Okay.  I can't argue with that: I do think caution is in order.  I guess what I'm asking is, what does such "caution" entail?  Continue self-quarantining unless it is absolutely necessary to go out?  Wear masks (how many?  if one is good, two, three, four, or even more are better)?  Never again gather in groups with people outside one's own household (my "household" consists of, ummm, me )?  Never again gather in groups over a certain size?  No large groups, ever again (I'm not much of a "joiner," anyway, so COVID-19 has played well to my "loner" tendencies, but still)?  "The government" will let us know?  (If so, will it let us know beforehand or via ex post facto enforcement: "You shouldn't have done that!"  The penalty is ...)?

 

4 minutes ago, bsjkki said:

It’s not ever going away.

Okay, but, again, what, exactly does that mean?  People talk about the "new normal"?  What is that?  Status quo, in perpetuity?  "The government" will let us know, ex post facto?  And no, to prevent the inevitable onslaught, I'm not anti-government, anti-vaccine, anti-mask, et cetera, ad infinitum, ad nauseam.  I'm simply anti-arbitrary-enforcement of arbitrary rules that it seems that someone has pulled out of a certain part of his or her anatomy simply for the sake of seizing the opportunity of wielding power ... :huh::huh:<_<

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2 minutes ago, Kenngo1969 said:
22 minutes ago, bsjkki said:

 

Okay.  I can't argue with that: I do think caution is in order. 

Well, I was expressing what the government is saying. I still wear masks where required but that’s about it. Life gets in the way. I’ve travelled, eaten out, gone to large weddings, thrown an illegal bridal shower in California etc. Attended a large family party (no masks) for my 85 year old mother before she went to memory care. Many I speak with are willing to take risks in order to ‘live.’ Schools need to stay open too. I’m over my schools opening and shutting down.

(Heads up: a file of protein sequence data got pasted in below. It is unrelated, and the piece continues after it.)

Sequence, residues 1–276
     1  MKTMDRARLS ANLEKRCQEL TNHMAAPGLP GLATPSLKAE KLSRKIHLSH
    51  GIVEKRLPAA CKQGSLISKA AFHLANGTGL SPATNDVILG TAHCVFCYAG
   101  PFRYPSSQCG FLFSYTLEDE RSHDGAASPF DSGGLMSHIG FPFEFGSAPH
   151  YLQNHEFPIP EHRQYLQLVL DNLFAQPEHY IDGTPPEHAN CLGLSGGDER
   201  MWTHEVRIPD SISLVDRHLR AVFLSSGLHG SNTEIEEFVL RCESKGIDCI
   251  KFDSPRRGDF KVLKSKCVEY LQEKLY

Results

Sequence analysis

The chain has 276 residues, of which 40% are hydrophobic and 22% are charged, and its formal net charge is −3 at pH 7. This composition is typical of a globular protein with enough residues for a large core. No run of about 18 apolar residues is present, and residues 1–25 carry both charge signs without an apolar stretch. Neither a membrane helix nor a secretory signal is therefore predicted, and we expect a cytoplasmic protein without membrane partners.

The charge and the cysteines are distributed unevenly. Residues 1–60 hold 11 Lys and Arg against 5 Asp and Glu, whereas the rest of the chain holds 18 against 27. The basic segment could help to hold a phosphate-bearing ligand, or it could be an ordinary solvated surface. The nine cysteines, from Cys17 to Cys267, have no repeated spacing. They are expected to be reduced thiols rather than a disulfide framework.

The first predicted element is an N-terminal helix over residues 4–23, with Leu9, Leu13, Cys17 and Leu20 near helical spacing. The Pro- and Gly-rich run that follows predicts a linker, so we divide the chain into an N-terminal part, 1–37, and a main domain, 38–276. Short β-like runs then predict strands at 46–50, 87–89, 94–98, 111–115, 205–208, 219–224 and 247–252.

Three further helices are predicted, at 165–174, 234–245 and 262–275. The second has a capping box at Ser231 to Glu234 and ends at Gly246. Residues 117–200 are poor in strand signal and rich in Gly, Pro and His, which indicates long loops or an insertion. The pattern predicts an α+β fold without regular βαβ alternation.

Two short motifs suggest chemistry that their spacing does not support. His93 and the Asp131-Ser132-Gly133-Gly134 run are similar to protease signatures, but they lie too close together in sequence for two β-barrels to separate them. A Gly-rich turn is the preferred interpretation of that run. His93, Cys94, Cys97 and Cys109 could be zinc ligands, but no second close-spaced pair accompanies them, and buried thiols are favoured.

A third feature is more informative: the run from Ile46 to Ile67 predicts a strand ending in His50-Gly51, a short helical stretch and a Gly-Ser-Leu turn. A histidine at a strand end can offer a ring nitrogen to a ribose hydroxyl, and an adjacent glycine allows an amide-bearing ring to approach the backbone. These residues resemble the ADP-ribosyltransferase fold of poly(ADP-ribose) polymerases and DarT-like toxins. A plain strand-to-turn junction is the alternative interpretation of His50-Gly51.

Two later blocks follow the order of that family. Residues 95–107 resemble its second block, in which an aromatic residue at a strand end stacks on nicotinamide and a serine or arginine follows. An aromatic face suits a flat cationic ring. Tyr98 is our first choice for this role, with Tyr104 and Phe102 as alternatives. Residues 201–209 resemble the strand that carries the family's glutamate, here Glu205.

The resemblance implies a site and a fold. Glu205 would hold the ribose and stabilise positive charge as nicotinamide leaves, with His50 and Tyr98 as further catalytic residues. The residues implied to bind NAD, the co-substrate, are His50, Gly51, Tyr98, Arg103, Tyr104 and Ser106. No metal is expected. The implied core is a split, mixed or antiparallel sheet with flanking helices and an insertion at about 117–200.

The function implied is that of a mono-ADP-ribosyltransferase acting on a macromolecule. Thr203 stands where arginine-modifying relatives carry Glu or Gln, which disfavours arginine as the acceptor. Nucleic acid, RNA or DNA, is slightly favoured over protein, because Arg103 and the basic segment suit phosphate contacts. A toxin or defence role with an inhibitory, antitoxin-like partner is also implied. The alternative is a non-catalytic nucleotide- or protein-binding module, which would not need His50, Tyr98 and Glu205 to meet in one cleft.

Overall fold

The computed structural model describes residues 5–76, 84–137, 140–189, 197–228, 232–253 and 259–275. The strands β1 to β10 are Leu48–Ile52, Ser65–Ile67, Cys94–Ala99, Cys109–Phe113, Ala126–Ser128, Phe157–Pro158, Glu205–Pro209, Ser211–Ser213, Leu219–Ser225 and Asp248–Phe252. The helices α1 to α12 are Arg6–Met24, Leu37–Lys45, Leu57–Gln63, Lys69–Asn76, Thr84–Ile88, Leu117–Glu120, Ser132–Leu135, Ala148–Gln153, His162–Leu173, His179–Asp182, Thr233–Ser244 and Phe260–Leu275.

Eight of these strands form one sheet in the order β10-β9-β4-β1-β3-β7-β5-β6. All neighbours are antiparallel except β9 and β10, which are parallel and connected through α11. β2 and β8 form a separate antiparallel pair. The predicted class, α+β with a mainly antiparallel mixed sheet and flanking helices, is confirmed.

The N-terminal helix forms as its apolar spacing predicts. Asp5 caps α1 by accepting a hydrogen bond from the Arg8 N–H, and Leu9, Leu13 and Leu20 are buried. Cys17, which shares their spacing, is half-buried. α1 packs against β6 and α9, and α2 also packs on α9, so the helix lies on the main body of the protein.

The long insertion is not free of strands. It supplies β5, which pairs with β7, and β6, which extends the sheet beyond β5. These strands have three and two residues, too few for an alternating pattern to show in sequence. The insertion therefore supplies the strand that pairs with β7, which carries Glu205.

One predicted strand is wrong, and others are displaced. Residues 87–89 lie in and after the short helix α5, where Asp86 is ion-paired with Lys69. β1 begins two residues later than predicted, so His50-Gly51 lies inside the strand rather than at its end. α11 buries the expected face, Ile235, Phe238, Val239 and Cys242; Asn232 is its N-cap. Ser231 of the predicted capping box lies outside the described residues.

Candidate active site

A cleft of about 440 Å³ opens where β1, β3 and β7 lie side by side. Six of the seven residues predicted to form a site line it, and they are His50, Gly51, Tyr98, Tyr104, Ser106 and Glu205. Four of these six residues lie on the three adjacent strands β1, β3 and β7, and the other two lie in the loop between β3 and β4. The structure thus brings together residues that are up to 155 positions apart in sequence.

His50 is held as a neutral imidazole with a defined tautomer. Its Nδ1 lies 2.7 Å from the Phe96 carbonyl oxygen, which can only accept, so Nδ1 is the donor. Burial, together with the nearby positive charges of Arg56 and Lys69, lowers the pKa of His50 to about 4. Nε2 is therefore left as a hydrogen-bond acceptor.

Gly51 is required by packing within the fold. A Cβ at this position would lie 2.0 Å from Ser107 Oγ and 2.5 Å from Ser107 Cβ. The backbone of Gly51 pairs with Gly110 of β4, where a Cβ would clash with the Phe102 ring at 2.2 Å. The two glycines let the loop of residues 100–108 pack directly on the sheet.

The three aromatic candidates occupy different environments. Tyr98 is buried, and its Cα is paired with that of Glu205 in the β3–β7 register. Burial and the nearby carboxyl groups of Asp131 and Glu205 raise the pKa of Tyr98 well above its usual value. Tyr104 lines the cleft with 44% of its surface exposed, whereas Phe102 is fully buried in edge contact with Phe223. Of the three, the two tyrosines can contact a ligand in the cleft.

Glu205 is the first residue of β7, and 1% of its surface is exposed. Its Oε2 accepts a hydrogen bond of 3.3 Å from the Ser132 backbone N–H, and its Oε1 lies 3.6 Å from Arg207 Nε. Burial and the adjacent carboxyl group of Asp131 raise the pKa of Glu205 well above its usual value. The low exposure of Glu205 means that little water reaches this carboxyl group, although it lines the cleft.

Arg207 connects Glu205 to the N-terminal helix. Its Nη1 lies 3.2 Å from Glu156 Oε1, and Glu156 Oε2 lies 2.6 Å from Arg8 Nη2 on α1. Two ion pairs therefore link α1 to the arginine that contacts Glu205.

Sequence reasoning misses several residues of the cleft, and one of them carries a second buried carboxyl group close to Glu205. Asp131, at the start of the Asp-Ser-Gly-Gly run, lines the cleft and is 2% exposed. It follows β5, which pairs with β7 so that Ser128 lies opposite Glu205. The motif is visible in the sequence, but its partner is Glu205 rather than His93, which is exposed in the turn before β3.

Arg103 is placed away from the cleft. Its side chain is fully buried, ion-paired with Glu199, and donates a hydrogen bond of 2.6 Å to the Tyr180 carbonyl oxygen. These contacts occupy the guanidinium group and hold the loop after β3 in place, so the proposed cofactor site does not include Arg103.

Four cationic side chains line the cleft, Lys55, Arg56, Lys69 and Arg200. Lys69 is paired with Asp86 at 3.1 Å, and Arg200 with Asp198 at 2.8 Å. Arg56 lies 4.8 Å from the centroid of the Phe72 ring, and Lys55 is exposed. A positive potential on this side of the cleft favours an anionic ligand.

Today I am going to the movies. I went to Universal Studios last October. I’ve been on a plane too many times to count.

If I die in my half vaccinated state next week, anyone who wishes can tell me I had it coming. 🙂😏

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49 minutes ago, bsjkki said:

Well, I was expressing what the government is saying. I still wear masks where required but that’s about it. Life gets in the way. I’ve travelled, eaten out, gone to large weddings, thrown an illegal bridal shower in California etc. Attended a large family party (no masks) for my 85 year old mother before she went to memory care. Many I speak with are willing to take risks in order to ‘live.’ Schools need to stay open too. I’m over my schools opening and shutting down. 
Today I am going to the movies. I went to Universal Studios last October. I’ve been on a plane too many times to count.

If I die in my half vaccinated state next week, anyone who wishes can tell me I had it coming. 🙂😏